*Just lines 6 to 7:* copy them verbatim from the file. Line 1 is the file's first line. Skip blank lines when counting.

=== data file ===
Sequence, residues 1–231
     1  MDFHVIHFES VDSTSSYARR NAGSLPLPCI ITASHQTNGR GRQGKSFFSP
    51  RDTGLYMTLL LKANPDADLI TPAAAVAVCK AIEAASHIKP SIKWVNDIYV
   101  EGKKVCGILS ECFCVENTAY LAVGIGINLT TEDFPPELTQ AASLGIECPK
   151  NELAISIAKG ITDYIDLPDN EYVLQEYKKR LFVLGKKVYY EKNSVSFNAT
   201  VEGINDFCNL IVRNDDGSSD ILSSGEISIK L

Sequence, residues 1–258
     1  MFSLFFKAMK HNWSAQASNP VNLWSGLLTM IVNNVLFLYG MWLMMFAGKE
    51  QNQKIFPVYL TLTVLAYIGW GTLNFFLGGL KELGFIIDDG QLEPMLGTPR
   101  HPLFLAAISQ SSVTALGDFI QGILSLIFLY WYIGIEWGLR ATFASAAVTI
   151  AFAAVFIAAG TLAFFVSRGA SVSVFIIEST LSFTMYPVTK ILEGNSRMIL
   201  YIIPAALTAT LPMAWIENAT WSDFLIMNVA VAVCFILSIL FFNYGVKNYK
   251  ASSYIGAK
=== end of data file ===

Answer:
   201  VEGINDFCNL IVRNDDGSSD ILSSGEISIK L

Sequence, residues 1–258